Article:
By share here, do we mean “displayed”? or do we mean something else – because if we’re using share like “display” then the first sentence is whacko “38% of all displayed referral traffic” doesn’t make sense.  But if we remove the folks who click through? Then apparently those Facebook people have shared even more. (Which really makes no sense now, does it?) What metric makes “posts links about but that only about 1/2 of the people follow” makes the 56% metric meaningful in any way?

I had to get out of that mad logic loop!

The only place to go was to the source!  There was something about a TechCrunch article at the bottom there.  I went off to TechCrunch to save my sanity! ShareThis Study: Facebook Accounts For 38 Percent Of Sharing Traffic On The Web.  Well, at least they got the 38% right, so th is must be better, no?

No. Not really.

Looking across the sharing and clicking habits of the more than 300 million people a month who pass links with a ShareThis button on over a million websites (producing 7 billion pageviews a month), a few things stood out.
It’s starting to come clear, isn’t it? See when we read “56% of Content Shared Online Occurs Via Facebook” – well I don’t know about you, but I didn’t think “by shared they mean by clicking the ‘ShareThis’ button.” Did you? Because the word share already had a meaning in my book. If I share content, I’m giving you access to it.  I’m posting it on a website.  I may even be broadcasting it’s location out on Twitter or emailing you my link – but those different methodologies are all ways of “sharing” to me.
If you go visit our friends at the study – I’m afraid you’ll walk away even more confused. They seem to have a hidden definition of “social sharing” that doesn’t gibe either.
Sharing is bigger than fans, friends and followers. Sharing generates almost half of the traffic for websites and brands that is created by search — 10 percent of website visits come from sharing. Sharing also accounts for 31 percent of referral traffic.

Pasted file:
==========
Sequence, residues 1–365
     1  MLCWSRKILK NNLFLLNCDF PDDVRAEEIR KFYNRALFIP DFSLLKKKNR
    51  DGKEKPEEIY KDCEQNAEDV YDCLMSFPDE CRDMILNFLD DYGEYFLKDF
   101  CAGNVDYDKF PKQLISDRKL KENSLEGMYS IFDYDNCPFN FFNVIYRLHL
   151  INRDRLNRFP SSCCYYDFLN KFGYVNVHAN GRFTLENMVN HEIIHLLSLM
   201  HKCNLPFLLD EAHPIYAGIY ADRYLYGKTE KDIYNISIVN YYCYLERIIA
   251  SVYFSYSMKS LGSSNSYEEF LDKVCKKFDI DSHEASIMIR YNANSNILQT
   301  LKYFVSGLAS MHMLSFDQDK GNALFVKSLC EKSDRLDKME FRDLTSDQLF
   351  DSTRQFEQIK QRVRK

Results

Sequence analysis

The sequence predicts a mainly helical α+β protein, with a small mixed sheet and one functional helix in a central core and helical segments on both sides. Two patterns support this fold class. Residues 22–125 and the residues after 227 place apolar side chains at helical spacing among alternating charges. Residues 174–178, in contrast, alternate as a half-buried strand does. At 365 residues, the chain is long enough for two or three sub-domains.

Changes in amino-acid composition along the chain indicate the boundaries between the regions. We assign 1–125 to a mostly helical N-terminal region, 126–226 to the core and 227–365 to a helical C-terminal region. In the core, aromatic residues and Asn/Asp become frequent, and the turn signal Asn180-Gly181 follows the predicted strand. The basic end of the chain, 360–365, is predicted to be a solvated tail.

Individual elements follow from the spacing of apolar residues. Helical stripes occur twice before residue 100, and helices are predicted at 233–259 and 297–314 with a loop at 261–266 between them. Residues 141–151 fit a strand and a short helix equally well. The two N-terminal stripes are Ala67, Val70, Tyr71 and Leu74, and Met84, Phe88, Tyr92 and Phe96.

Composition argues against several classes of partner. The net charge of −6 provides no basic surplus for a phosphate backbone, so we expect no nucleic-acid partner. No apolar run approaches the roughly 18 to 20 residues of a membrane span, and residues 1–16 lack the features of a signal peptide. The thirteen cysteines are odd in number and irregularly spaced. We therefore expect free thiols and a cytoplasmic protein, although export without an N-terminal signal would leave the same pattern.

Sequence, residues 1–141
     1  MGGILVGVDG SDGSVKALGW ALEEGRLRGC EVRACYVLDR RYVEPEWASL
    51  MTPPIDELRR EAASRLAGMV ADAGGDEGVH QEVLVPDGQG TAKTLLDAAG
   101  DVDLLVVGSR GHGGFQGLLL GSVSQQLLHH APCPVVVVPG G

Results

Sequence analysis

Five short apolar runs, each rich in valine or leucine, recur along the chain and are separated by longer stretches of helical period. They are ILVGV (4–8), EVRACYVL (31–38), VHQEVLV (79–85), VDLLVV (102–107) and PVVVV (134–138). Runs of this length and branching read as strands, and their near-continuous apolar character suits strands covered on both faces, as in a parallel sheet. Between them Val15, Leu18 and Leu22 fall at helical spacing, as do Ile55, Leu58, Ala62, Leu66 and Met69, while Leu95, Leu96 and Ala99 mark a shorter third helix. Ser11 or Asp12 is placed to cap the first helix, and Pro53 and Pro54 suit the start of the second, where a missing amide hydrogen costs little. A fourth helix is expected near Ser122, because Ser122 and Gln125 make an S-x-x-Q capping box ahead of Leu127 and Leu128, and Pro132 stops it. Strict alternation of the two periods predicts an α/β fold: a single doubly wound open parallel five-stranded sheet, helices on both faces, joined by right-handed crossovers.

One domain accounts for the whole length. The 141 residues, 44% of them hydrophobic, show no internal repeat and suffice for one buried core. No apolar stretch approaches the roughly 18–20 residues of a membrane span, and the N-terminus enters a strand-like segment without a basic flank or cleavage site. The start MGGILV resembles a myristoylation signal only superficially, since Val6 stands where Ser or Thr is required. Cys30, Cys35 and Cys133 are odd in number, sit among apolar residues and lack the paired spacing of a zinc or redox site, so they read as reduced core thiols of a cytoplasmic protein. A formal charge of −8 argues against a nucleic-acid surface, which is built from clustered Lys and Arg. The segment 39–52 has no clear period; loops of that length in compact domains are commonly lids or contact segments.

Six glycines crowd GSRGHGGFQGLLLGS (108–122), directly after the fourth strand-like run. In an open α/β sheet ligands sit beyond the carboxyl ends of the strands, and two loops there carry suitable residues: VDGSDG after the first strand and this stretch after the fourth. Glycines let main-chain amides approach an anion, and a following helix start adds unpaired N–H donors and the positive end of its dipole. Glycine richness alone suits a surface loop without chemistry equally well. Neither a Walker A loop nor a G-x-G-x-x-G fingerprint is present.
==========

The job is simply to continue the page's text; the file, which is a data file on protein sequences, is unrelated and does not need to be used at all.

If you can tell me who you are sharing with that isn’t search engines (disquallified above) fans, friends, or followers? Then I’m sure we’d be a step closer to this making sense. Maybe we do all of this sharing with our families? Or random strangers who are apparently wandering around on the internet devoid of anything to read until they find it?  Okay, let me run this again: sharing generates almost half the traffic for websites and brands that is created by search. So, search traffic is 2x sharing. And 10% of website visits come from sharing. So, visits come from 10% sharing & 20% search engines. Sharing also accounts for 31 percent of referral traffic. Um… so is that 31% more than the 10% we just said came from sharing? Now you’ve lost me again.
I just can’t do it anymore.  The truth is that you’ve got a lovely pie chart, some meaningless statistics that totally don’t add up, and a pretty picture that tells absolutely nothing except that the guys doing the “study” – have decided that the usual terms of “sharing” don’t apply – but they aren’t going to tell you what they really want to tell you.  Not once in these sites does someone outline “social sharing means posting a link” or “social sharing requires using a sharethis button” or “social sharing isn’t the only type of sharing.”